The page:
All in the family
It has been at least three decades since the upstart heretics of postmodernism openly challenged the then-entrenched modernist theocracy. The battle that pitted Meis’s “less is more” against
Robert Venturi’s “less is a bore” raged for a relatively short period as po-mo was appropriated into bland corporate architecture and irony proved a limited muse. But all was not in vain. Out of the debate came a realization that architecture was not about some zeitgeist but about creating appropriate tools to assist real human beings to dwell successfully. Scale, texture, colour, materiality, a sense of place – even whimsy and historical continuity – emerged as legitimate underpinnings of successful contemporary design. The result has been the rise of a delightfully eclectic architecture and interior design that both represents its time and place while frequently borrowing, without irony, from what has worked in the past.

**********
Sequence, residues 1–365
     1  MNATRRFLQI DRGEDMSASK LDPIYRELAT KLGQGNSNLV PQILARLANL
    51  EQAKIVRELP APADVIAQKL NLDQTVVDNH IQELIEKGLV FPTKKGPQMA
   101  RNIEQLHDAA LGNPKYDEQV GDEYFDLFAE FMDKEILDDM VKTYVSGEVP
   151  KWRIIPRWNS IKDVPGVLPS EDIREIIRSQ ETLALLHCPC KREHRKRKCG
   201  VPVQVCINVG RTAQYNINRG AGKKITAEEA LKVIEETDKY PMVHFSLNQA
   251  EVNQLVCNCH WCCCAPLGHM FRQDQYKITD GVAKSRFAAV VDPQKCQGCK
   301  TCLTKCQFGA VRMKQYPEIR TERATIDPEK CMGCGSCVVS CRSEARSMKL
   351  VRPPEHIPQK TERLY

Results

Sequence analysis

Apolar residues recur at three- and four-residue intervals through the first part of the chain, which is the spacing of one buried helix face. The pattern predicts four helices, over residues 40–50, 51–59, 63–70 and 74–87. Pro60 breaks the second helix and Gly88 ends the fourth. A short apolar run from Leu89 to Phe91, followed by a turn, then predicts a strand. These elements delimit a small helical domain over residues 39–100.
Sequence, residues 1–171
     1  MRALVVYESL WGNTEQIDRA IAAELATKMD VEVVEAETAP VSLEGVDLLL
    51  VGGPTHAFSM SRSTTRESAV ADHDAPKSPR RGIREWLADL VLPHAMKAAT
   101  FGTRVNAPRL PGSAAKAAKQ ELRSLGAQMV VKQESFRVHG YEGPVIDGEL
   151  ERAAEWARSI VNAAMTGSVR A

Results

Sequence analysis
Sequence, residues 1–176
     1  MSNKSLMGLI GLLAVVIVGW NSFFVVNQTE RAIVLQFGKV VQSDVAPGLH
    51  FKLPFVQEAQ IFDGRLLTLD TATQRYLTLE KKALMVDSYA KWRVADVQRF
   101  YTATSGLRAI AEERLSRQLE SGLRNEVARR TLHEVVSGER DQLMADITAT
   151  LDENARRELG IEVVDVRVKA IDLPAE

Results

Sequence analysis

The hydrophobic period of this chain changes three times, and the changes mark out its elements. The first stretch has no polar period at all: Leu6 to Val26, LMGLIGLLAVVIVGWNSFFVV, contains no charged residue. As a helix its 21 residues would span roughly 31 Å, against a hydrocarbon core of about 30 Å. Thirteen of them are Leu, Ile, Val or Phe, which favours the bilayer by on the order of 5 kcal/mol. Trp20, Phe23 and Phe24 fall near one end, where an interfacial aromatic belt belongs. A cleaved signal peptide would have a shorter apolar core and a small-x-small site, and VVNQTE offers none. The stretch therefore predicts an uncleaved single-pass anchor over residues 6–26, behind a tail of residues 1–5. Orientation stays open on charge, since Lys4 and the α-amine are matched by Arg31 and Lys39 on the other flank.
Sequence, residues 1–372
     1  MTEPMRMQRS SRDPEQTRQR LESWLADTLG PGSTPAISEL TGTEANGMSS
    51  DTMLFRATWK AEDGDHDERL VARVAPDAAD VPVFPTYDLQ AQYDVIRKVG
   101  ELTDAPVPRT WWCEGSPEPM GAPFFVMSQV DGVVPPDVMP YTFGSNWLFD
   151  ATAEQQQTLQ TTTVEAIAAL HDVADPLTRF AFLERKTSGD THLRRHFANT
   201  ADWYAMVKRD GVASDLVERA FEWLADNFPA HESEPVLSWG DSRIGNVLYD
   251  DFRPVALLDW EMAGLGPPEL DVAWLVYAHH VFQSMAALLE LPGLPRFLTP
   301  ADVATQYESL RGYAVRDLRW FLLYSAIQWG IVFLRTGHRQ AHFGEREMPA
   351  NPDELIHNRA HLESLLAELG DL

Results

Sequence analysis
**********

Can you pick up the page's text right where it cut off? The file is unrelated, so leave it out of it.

Just such a project is La maison du boisé, a major house interior realized
by veteran Montreal designer René Desjardins for a young and decidedly growing family’s home on beautifully treed land just north of the city. The result is modern but not minimalist, sophisticated but solicitous to the playfulness of young children, and reserved in its neutral hues but alive with flashes of colour. Despite its contemporary core, there is more than a hint of classical framing in the moldings, entablature and coffered ceilings. Harmonious silk-grey walls play off rich dark Sucupira (Brazilian chestnut) floors throughout. His approach, Desjardin says, dances between tired traditional design’s fondness for clutter and sterile minimalism’s “anorexia of design.”